Public transit funding in Michigan has been decreasing right along with the state’s economy in general.
Bus funding reached record levels in 1998, but it’s down nearly $150 million dollars since then.
And it’s putting some programs at risk.
Bus services are demanding that state lawmakers do something about it.
They’re asking the legislature to address the state’s transportation funding formula sometime between the November election and the start of the new term in January.
One of the programs at risk is the Job Access program.
It does just what it sounds like — helps commuters who may not have vehicles of their own.
Altran executive director Rochelle Cotey says it’s helpful in an area like Alger County, where there are a lot of people who work service industry jobs and don’t own a car.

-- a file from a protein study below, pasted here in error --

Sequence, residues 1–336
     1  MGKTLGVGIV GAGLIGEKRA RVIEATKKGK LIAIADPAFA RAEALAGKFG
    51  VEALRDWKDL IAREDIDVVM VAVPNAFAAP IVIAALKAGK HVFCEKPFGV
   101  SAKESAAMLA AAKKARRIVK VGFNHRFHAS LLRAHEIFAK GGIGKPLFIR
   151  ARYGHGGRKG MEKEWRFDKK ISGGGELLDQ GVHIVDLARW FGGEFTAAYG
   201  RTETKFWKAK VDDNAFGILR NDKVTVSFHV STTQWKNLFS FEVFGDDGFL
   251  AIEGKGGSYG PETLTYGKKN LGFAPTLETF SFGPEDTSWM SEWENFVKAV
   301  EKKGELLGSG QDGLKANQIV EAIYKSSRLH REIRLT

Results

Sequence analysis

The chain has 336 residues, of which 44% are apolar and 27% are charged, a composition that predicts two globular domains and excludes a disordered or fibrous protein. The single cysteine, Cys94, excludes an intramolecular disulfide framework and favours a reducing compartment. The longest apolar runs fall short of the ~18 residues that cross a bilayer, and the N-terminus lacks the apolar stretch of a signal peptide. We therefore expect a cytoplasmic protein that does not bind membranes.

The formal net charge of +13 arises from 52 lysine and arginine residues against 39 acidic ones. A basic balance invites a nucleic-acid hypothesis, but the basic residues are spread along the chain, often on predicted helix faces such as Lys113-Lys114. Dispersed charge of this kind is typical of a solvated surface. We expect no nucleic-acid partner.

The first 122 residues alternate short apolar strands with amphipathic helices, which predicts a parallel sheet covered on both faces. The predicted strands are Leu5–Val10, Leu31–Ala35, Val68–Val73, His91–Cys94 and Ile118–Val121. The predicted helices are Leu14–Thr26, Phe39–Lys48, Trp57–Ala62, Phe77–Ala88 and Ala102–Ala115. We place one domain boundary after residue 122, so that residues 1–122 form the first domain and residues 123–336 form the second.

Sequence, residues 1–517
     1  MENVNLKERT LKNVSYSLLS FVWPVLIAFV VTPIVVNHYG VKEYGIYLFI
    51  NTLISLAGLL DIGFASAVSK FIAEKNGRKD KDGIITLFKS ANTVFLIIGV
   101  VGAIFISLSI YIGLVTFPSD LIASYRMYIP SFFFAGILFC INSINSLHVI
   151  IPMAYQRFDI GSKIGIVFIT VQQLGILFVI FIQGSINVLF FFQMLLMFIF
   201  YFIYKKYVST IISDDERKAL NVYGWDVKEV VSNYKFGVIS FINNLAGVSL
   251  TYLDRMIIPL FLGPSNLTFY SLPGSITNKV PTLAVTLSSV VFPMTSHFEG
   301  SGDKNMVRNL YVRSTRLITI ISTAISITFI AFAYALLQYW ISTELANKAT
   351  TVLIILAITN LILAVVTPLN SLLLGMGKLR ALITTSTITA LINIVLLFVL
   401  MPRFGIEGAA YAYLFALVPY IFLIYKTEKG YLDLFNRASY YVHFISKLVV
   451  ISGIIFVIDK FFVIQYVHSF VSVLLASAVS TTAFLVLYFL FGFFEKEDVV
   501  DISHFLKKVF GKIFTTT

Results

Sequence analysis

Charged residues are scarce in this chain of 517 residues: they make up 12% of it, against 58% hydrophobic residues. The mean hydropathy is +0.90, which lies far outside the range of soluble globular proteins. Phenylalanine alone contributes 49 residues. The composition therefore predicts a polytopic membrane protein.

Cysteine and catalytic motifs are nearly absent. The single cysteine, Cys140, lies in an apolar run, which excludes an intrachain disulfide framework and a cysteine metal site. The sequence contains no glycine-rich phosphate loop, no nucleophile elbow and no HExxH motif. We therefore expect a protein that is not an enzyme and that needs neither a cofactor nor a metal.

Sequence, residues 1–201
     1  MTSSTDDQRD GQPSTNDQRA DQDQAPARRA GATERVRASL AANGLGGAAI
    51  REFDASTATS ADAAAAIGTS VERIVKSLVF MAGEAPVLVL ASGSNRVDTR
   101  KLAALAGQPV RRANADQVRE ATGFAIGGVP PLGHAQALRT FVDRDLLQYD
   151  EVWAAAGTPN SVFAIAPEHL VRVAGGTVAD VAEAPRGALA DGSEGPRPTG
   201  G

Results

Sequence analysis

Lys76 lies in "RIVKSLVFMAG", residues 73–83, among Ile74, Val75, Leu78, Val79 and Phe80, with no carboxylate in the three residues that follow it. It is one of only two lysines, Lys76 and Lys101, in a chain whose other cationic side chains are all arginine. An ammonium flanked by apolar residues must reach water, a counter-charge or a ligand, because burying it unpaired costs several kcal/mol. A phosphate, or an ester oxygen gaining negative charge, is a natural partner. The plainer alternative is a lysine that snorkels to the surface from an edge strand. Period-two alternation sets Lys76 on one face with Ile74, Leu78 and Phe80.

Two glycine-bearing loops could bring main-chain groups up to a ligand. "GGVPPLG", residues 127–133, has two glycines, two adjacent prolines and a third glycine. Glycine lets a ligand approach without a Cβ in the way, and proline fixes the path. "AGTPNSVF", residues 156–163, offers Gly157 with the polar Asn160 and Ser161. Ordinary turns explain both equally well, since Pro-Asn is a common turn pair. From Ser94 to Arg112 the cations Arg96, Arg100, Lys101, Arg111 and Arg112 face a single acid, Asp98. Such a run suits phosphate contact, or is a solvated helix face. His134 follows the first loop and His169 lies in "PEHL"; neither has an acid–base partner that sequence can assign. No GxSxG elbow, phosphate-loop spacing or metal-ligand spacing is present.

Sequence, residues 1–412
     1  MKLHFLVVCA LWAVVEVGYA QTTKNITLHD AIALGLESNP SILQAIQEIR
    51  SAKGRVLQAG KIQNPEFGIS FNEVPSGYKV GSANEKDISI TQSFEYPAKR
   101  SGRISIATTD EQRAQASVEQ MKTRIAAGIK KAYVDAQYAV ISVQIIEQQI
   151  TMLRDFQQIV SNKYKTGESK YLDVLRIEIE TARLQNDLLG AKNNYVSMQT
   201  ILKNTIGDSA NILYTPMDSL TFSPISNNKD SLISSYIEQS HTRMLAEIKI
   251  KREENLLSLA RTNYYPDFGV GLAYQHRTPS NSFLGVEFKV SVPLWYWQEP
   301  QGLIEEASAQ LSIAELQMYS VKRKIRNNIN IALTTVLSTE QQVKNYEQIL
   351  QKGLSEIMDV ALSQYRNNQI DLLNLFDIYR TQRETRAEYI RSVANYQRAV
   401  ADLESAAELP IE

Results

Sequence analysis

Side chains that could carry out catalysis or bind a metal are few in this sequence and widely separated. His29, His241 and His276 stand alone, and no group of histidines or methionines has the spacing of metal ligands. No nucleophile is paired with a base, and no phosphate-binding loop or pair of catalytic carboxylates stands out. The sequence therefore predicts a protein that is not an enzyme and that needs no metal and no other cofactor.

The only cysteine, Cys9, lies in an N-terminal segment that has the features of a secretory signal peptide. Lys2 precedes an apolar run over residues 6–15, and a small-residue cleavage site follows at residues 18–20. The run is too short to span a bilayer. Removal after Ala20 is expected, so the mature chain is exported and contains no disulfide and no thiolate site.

The Job Access program is half-funded by the federal government with the state of Michigan picking up the other half.
But for fiscal 2011, which begins October 1st, the program may bite the dust.
Cotey says the state House and Senate haven’t authorized spending the state’s half of the money yet.
She says if they don’t, it would greatly hurt bus customers.
Michigan Public Transit Authority director Clark Harder says Michigan is also at risk of losing $120 million in federal transit dollars because it hasn’t come up with $30 million in matching funds yet.
He says the state is on a path to losing 35 years of public investment in a strong bus system.